The open-source dependency management project Yarn is looking to keep with the ever-changing industry with a new focus and plans for the next version and beyond. The team just revealed its roadmap for version 2 (codenamed Berry) along with major changes users can expect in the future.

“When the Yarn project started back in 2016, our landscape was very different from what it is now. Package locking was far from being a first class citizen in the JavaScript ecosystem, and the time needed to run an install wa … well, it was what it was. Yarn’s release shook the status quo and started a movement that ended up being beneficial to everyone, other package managers included. Now is the time to assess where we are, reinforce our strengths and patch our weaknesses,” the team wrote in a post.

Currently Yarn features the ability to cache every package it downloads, parallelize operations for maximum resource utilization, verify the integrity of installed packages before code is executed and guarantee an install that works on one system will work on any other system. In addition, the project includes an offline mode, improved network performance, network resilience and a flat mode.

Some major changes expected to come to the project this year include: making the lockfile and configuration format a strict subset of YAML; support for plugins; making Yarn an API in addition to a CLI; support for Node 4 and 6; and overhauling the log system.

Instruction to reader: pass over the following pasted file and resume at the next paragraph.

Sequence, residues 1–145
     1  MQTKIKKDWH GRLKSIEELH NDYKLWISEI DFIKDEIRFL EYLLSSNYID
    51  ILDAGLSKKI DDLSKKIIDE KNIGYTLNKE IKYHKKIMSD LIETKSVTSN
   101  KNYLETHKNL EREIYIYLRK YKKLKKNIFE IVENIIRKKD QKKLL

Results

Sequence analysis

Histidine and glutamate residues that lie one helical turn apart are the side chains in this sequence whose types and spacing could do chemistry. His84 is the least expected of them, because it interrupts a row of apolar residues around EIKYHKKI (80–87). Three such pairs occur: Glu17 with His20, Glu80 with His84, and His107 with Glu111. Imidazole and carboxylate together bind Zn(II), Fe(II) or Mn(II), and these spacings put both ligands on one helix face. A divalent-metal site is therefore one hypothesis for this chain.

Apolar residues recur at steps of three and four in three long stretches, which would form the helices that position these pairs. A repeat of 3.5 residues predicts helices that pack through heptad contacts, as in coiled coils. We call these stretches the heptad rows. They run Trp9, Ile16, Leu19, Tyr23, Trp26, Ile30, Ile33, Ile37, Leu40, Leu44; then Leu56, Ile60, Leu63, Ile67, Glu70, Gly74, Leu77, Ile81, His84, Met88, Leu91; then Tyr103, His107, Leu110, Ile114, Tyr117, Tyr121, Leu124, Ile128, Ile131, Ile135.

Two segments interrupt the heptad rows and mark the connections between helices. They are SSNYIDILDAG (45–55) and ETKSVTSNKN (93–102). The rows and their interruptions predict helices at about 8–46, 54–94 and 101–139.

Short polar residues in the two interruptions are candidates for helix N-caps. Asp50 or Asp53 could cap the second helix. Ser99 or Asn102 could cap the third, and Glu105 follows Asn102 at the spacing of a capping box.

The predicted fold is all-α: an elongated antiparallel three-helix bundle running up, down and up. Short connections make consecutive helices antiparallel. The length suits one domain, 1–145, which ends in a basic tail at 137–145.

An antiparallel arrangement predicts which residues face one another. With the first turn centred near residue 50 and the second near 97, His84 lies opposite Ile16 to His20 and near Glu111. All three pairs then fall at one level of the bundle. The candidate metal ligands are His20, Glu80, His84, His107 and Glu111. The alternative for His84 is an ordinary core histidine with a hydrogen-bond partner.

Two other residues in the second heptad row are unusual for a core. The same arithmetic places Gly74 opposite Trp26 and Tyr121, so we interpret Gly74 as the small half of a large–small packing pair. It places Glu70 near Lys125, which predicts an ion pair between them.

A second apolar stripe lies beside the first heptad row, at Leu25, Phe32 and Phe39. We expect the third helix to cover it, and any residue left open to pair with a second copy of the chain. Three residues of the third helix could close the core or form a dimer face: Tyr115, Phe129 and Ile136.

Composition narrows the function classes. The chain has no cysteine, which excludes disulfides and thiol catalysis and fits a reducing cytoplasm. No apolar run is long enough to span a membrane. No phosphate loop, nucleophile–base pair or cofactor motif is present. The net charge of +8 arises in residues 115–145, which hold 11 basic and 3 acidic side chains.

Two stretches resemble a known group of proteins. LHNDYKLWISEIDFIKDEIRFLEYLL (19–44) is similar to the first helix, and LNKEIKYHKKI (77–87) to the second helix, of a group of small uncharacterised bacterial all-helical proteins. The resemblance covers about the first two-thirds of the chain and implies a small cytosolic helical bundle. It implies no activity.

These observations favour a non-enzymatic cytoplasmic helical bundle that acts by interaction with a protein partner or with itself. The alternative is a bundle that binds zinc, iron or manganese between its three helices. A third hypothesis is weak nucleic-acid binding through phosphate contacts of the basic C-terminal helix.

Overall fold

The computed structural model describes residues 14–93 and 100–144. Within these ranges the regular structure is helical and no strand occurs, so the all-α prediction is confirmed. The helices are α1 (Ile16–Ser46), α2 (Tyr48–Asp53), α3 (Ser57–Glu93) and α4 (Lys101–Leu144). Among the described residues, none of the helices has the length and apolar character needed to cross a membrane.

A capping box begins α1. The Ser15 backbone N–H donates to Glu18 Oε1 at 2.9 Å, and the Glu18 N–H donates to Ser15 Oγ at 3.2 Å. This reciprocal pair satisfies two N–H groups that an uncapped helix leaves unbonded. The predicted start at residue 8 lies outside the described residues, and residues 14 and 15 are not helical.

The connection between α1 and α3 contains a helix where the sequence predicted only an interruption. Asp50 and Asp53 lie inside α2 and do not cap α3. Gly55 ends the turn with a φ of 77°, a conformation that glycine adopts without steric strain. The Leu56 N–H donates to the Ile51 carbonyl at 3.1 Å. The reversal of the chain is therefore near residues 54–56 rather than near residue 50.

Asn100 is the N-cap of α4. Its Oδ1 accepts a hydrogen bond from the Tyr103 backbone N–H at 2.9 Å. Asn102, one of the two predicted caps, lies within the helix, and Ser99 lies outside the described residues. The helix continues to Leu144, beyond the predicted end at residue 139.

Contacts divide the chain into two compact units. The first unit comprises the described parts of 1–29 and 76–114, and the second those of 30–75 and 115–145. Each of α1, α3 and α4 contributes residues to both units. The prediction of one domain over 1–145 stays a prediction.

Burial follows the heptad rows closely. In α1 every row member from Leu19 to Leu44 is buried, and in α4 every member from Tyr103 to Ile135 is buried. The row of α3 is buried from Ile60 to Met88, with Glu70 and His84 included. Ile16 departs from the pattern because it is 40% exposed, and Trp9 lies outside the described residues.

New features expected include nested workspaces support, the ability to run “yarn run foo:bar” regardless of the workspace, a new resolution protocol, a new command for enforcing constraints, a new dependency type, and updates to the yarn link command.

In addition, the team says to expect bug fixes as it works to modernize the codebase.

“As you might guess, this isn’t a comprehensive list — we plan Berry to be the big refactoring that Yarn had needed for a while now so many internal systems will be reworked. After that we expect following majors to become much smaller, as we’ll have strong foundation for building new features and reworking the project one component at a time,” the team wrote.

According to the team, the reason it is going ahead with so many changes is because of its philosophy:

  • Developing JavaScript projects shouldn’t leave the door open to surprises
  • Developing JavaScript projects should be easy
  • Contributing to the Yarn ecosystem should be simple

Additional goals for 2019 include:

  • Making Yarn a development-first tool
  • Rewriting Yarn in TypeScript
  • Making Yarn an API while splitting internal components into module entities
  • Designing Yarn to support different install targets than Node
  • Preserving overall compatibility